HONOLULU — A survey of Hawaii primary health care providers reveals struggles to stay in business following changes to compensation by the state’s largest insurer.
More than 80% of providers surveyed believe the Hawaii Medical Service Association payment system is putting physicians out of business, Hawaii Public Radio reported Thursday.
The study was conducted by health policy organization Aimed Alliance based in Washington, D.C. and funded by the Atherton Family Foundation in Honolulu.
“The big concerns are that the pay was too low and they felt this disincentivized them to practice medicine and that it was contributing to provider shortages that were already occurring in Hawaii,” Aimed Alliance counsel Stacey Worthy said.
The study surveyed 60 primary care providers in the association’s payment transformation program and found a majority believed the program caused an increase in administrative tasks, resulting in longer hours and higher staffing costs.
“We found that it was causing financial stress on primary care providers and it is also increasing administrative costs, which trickle down the health care system,” Worthy said.
Worthy added: “In particular, those with practices of fewer than five providers were more than twice as likely to express that sentiment than those working in large practices, hospitals or health systems.”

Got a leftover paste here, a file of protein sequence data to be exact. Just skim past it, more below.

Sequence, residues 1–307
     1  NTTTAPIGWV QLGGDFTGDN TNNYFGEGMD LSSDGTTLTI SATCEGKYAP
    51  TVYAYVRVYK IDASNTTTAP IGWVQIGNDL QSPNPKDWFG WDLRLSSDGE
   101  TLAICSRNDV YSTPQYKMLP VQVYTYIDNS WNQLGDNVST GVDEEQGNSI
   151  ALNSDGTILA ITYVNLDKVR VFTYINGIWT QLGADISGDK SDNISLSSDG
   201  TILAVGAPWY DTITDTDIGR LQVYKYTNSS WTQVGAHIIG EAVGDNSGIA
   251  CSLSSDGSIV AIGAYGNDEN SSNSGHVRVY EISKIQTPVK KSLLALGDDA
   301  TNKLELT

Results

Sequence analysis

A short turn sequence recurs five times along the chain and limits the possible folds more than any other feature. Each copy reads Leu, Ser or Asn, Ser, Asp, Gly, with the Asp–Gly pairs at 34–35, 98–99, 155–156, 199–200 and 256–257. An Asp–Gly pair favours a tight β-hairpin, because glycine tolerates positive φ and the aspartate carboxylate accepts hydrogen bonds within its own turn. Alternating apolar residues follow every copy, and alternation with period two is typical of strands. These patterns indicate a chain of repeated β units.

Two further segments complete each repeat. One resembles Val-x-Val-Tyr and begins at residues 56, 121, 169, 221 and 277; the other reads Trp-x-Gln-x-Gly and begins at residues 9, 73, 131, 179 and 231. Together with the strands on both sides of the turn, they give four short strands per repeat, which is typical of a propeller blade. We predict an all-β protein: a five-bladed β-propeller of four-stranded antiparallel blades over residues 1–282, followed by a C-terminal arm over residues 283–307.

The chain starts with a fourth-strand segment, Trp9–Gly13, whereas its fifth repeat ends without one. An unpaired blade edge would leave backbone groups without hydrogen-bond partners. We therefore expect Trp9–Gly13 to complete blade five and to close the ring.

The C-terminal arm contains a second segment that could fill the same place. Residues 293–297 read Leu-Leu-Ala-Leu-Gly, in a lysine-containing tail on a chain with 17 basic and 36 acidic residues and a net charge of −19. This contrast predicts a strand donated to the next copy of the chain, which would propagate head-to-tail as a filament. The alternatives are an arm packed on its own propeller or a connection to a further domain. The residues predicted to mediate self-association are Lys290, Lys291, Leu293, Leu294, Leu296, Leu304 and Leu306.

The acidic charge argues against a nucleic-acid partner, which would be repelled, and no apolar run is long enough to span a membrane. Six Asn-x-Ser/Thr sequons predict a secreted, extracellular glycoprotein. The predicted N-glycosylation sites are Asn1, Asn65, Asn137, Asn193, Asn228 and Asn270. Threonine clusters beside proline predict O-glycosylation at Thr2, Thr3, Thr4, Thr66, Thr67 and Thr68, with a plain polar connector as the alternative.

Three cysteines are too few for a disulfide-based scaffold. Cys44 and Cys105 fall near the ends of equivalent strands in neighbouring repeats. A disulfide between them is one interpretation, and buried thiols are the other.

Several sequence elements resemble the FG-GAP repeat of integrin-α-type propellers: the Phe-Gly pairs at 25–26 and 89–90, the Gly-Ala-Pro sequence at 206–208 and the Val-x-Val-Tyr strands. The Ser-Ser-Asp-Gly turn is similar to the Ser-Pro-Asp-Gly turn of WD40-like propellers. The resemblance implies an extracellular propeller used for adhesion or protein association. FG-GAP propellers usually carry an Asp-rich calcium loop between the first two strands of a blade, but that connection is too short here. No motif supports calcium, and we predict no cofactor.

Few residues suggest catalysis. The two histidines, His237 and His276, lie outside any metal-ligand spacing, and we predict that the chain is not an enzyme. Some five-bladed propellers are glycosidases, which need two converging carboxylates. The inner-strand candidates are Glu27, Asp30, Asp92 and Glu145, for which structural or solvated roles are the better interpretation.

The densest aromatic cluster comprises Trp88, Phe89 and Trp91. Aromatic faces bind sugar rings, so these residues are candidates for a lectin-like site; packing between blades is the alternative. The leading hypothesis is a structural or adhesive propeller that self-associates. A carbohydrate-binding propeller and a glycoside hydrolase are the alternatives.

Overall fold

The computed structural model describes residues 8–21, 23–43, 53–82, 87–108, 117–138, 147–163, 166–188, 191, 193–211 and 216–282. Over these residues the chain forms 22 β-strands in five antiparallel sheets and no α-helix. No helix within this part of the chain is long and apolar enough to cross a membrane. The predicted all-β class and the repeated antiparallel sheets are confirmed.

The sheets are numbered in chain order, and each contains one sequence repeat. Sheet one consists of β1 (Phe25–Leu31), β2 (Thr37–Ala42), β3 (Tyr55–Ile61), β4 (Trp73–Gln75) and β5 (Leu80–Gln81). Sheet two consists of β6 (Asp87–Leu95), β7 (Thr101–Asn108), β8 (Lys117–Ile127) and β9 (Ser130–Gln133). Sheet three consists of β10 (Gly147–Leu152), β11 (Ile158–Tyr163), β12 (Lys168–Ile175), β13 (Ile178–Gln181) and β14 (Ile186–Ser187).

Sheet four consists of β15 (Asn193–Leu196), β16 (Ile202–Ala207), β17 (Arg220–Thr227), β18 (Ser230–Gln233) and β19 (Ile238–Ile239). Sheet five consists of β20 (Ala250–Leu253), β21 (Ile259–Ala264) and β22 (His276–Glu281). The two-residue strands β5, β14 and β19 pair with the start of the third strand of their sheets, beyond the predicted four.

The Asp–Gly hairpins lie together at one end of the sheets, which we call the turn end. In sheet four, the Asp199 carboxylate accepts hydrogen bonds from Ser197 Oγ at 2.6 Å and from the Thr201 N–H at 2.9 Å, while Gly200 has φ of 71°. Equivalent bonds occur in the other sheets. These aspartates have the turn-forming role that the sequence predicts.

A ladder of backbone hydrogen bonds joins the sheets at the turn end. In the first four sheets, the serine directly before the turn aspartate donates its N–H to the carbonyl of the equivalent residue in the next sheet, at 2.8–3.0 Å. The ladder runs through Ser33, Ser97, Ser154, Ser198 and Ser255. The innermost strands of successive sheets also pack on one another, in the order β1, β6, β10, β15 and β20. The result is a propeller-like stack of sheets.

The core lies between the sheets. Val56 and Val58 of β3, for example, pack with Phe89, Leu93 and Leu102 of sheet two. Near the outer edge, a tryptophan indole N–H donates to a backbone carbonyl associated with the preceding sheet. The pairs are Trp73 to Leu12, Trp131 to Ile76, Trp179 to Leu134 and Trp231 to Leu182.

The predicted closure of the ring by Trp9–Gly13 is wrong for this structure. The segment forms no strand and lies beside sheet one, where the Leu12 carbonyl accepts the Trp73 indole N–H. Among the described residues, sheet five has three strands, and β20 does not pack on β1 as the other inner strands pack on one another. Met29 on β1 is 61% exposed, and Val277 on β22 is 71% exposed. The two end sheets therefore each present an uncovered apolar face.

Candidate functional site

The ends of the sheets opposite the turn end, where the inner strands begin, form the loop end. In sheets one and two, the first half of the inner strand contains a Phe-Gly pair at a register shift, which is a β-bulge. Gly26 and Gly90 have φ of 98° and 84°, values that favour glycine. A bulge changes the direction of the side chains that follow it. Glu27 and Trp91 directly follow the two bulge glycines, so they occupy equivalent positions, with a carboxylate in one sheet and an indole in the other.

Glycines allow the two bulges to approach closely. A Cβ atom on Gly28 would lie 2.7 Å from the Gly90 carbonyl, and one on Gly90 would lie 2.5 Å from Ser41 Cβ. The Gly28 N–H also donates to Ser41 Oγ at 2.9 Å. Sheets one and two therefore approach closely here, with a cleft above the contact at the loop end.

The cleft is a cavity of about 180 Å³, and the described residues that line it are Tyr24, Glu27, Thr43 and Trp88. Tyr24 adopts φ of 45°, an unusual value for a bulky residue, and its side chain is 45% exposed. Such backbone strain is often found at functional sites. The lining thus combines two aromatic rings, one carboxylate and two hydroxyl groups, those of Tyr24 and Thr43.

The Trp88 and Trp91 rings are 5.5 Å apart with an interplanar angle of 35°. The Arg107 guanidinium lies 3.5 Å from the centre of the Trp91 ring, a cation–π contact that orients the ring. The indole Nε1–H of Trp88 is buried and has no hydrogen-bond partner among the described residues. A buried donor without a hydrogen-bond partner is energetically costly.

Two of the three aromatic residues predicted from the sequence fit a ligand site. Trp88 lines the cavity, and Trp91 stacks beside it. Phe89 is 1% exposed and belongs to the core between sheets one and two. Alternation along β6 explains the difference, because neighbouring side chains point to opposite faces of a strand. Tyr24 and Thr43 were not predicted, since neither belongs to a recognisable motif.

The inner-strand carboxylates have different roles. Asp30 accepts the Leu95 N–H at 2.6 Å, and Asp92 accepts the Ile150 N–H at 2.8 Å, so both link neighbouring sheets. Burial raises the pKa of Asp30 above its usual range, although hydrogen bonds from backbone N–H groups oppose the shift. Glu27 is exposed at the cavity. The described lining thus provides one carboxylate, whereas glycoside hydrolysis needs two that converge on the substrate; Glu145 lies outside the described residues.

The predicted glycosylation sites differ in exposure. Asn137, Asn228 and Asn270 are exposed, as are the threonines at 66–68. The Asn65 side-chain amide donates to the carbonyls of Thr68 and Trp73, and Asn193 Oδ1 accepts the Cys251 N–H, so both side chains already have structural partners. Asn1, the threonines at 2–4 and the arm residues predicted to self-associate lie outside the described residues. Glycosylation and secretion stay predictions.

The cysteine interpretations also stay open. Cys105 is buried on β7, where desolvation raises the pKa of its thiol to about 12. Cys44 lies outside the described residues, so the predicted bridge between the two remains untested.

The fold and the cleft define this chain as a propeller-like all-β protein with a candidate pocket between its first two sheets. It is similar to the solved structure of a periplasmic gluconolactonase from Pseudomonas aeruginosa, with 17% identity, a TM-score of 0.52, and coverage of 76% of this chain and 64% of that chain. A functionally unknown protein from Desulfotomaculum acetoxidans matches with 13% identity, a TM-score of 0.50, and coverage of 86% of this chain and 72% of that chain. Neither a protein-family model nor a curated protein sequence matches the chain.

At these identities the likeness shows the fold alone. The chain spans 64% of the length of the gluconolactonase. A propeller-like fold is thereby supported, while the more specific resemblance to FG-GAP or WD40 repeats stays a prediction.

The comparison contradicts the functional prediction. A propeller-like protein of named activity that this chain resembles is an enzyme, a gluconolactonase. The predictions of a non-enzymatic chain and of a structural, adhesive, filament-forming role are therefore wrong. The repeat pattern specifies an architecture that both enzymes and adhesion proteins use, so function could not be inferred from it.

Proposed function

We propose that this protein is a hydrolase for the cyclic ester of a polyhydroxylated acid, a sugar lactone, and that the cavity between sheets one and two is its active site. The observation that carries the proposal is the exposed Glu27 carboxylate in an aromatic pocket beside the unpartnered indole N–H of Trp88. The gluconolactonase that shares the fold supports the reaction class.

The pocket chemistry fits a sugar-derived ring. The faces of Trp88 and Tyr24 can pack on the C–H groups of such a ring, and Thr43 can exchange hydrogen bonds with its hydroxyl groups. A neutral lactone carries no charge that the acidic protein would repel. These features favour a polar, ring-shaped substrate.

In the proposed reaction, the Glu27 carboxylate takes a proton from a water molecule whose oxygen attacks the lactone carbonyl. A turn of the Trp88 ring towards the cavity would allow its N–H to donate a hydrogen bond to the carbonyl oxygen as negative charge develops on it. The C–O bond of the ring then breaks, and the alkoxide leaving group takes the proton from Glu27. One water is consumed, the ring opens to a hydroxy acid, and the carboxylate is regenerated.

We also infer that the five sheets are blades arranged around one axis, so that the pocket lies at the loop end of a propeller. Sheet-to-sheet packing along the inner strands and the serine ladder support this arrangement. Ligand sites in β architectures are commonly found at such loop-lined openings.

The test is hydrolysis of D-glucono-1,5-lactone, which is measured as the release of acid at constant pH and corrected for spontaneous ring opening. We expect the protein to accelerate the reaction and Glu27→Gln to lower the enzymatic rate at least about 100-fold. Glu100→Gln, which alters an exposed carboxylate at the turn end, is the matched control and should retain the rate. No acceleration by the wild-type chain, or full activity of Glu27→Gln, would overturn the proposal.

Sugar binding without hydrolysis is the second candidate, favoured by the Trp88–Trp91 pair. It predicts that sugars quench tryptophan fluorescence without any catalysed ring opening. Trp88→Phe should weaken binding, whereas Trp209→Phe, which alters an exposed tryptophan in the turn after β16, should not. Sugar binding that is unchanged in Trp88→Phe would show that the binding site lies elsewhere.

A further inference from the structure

The survey was the first independent study concerning the payment model known as capitation, or payment transformation.
Doctors have traditionally been reimbursed for services under a “fee-for-service” model in which physicians provide services such as annual check-ups and the insurer then pays the doctor.
Under the Hawaii Medical Service Association’s compensation program launched five years ago, the insurer pre-pays primary care doctors with capped amounts per patient.
More than 36% of those surveyed said they have referred patients to urgent care clinics instead of treating them as a result of payment transformation.
Hilo family physician Michelle Mitchell was not surprised by the studyʻs findings.
“I think this is just confirming what we already know,” Mitchell said. “More and more physicians are leaving practice and leaving Hawaii in general as a result. And I actually think these results not only confirm that but likely underestimate that.”